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Creating and Retrieving Data from Dynamic Forms in Flutter

Creating and Retrieving Data from Dynamic Forms in Flutter

Forms are a major way to retrieve user data in most applications today. A form consists of many input fields together that take in a user’s response or request. Also, developers might want users to make certain decisions based on their interactions, and then save this data to a server. This form data can also be used later on in the application, thus calling for the creation of a more complex form that is referred to as a dynamic form.

In this article, we’ll be looking at how we can create our own dynamic form, and also retrieve its data.

What Is a Dynamic Form?

Dynamic forms are auto-generated forms that are fully controlled by the user’s actions and decisions, thus giving a real-time experience to the user.

Differences Between Static and Dynamic Forms

Static forms are forms with a fixed number of text fields in which updates are made only to the text input value. On the contrary, dynamic forms are forms that change the number of text fields dynamically based on the user’s actions. They help in decision-making, and they accumulate an indefinite list of data or input.

Why Choose Dynamic Forms?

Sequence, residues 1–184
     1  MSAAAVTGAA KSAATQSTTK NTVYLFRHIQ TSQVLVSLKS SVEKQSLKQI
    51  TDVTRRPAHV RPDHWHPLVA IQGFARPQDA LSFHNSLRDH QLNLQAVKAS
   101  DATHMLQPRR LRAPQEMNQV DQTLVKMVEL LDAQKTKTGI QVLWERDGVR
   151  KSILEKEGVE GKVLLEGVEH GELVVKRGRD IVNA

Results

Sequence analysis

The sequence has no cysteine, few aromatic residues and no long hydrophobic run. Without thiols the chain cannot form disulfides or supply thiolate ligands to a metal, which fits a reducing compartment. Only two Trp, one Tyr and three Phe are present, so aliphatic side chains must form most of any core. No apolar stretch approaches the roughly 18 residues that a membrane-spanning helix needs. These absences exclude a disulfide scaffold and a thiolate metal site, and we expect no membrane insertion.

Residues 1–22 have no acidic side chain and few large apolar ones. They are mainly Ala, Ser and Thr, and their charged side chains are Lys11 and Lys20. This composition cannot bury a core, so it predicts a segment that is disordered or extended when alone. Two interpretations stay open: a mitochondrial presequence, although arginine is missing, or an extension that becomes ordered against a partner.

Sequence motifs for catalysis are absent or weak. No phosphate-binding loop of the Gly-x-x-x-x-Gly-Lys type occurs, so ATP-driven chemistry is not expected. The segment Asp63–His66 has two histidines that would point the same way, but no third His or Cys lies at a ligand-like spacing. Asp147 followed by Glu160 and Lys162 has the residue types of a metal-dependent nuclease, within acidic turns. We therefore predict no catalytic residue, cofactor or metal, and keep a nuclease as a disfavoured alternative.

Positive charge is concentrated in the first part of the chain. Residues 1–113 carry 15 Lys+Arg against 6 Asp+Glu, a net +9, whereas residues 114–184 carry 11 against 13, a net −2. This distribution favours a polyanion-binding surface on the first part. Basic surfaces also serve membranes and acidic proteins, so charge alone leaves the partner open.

Making certain decisions for users based on their input might overcrowd the user interface and data based in a static form due to the creation of multiple forms. However, in most cases, multiple forms are not needed.

A dynamic form helps in organizing the user interface and database. It also helps in decision making for both users and developers, and gives us the flexibility to create an indefinite number of forms when retrieving a list of items from the user.

Prerequisites

To follow along with this tutorial, you’ll need a basic understanding of Dart and Flutter.

Scaffolding Flutter Application

First, let’s run the command below to scaffold a Flutter application:

flutter create flutter_dynamic_forms

Building a Form Screen

In this section, we’ll be building our form screen and its components.

Now, let’s create a home.dart file and paste the code block below into it:

class HomeScreen extends StatefulWidget {
const HomeScreen({super.key});
@override
State<HomeScreen> createState() => _HomeScreenState();
}

class _HomeScreenState extends State<HomeScreen> {
@override
Widget build(BuildContext context) {
return Container();
}
}

In the code block above, we’re adding the Stateful Widget to our home.dart file.

Next, we’ll replace the entire code in the src/main.dart file with the code below:

import 'package:flutter/material.dart';
import 'package:flutter_dynamic_forms/home.dart';

void main() {
runApp(const MyApp());
}

class MyApp extends StatelessWidget {
const MyApp({super.key});
@override
Widget build(BuildContext context) {
return MaterialApp(
title: 'Flutter Dynamic Form',
theme: ThemeData(
primarySwatch: Colors.teal,
useMaterial3: true,
inputDecorationTheme: const InputDecorationTheme(
contentPadding: EdgeInsets.symmetric(
vertical: 15,
horizontal: 20,
),
border: OutlineInputBorder(
gapPadding: 10,